In January 2010, the U.S. Food and Drug Administration (FDA) reversed its long-standing position that BPA is safe and announced that the agency had concerns about the potential health effects of BPA on fetuses, infants, and young children. The agency concluded that it "will support changes in food can linings and manufacturing to replace BPA or minimize BPA levels."
In March 2010, the Environmental Protection Agency (EPA) announced it will consider adding BPA to its list of chemicals of concern and requiring manufacturers to provide test data on BPA's potential impacts.
During the 2009-2010 Congressional session, several bills were introduced that would limit or ban BPA from products, including the BPA-Free Kids Act of 2009, the BPA Consumer Information Act of 2009, and the Ban Poisonous Additives Act of 2009.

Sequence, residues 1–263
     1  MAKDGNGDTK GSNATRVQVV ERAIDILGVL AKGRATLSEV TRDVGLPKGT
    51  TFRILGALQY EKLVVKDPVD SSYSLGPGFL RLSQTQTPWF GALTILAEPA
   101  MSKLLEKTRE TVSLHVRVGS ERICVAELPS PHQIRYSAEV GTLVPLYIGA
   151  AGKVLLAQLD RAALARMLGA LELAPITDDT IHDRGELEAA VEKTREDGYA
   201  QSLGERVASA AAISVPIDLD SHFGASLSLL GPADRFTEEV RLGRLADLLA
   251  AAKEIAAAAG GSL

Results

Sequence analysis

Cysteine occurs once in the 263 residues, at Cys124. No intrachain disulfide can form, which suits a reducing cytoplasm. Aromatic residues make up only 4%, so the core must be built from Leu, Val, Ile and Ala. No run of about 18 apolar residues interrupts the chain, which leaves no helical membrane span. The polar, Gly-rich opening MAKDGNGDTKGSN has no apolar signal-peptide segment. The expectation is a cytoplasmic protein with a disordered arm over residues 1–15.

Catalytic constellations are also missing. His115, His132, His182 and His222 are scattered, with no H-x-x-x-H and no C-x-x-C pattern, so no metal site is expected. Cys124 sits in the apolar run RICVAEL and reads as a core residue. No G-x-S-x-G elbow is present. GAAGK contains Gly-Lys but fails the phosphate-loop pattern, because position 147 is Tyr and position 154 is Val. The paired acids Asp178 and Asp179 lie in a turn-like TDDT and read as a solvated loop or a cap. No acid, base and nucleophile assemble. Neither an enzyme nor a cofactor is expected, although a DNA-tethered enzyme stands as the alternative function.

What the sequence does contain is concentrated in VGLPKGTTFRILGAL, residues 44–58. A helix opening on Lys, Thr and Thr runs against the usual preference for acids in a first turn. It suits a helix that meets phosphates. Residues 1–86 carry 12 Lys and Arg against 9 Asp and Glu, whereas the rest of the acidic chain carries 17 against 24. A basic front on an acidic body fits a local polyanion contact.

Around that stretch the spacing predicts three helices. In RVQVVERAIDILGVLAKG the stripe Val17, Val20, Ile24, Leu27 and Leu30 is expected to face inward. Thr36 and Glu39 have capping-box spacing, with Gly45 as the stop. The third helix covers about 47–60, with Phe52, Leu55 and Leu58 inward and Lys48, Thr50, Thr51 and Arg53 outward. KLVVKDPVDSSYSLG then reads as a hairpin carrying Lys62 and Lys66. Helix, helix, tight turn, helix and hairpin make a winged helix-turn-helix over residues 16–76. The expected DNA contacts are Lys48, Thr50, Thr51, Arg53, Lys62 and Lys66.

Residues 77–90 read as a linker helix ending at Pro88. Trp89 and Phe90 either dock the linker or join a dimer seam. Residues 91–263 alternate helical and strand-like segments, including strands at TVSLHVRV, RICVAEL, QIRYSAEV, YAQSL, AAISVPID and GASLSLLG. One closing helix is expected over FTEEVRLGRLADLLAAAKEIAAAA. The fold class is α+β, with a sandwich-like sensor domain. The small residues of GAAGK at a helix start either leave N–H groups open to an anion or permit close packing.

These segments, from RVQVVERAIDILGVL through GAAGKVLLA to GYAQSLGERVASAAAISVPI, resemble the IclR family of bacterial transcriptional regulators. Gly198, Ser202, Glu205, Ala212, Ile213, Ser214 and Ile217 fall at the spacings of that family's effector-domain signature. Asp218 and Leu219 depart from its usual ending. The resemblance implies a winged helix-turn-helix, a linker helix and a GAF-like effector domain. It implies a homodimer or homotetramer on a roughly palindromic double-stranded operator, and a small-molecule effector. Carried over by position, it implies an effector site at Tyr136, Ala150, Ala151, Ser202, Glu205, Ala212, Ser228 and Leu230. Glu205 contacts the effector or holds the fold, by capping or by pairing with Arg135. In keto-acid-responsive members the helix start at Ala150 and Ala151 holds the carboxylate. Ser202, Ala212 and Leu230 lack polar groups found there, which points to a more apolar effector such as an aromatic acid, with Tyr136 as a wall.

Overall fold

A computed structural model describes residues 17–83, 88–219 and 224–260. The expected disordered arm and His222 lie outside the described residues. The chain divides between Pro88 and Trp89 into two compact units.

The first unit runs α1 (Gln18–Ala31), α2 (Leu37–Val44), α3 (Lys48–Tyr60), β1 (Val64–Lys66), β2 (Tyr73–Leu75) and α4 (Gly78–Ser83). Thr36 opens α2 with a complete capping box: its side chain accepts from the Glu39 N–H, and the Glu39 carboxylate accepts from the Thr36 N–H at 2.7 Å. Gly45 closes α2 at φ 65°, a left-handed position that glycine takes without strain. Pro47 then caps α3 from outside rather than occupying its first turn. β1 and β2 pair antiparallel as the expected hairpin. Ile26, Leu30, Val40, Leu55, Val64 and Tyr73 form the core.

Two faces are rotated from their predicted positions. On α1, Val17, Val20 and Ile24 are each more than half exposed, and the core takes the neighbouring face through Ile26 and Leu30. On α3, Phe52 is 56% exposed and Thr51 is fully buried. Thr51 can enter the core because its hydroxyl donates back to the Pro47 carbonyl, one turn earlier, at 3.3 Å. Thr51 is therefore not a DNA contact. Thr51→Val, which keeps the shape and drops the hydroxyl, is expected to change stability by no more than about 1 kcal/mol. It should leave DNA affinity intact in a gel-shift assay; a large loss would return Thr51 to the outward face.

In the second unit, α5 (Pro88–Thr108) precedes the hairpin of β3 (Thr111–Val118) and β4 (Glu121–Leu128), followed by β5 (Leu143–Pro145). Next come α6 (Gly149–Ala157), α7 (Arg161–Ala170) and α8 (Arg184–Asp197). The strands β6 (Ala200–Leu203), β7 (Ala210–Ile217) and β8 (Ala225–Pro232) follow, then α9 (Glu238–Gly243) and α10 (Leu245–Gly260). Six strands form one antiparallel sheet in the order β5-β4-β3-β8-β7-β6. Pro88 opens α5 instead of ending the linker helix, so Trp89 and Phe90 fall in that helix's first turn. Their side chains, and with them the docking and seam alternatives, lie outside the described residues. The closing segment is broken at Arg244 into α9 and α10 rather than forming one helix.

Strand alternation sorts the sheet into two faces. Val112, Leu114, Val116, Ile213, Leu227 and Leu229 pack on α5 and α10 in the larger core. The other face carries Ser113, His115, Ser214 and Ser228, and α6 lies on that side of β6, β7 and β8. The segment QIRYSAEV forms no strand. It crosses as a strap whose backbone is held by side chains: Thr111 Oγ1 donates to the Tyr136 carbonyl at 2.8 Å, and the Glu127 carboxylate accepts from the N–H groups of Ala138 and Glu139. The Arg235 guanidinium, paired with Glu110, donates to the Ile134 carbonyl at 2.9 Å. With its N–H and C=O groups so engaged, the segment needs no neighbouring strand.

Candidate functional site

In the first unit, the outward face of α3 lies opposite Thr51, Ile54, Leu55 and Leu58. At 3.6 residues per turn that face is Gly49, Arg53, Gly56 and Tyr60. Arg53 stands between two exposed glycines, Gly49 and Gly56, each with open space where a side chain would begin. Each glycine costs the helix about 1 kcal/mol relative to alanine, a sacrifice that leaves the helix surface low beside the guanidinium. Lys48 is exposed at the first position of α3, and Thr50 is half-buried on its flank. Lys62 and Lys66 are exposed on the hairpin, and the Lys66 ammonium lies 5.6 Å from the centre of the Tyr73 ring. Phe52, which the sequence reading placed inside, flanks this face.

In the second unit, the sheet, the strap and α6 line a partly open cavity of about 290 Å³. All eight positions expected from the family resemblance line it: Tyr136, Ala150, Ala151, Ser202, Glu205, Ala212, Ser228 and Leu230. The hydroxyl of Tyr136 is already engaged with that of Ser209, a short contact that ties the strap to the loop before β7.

The governments of China, Canada, Denmark and France have all established bans on BPA products.
Sixty-six state laws have passed around the country in the last eight years banning BPA in baby and toddler products, with nearly two dozen more state bills pending this year.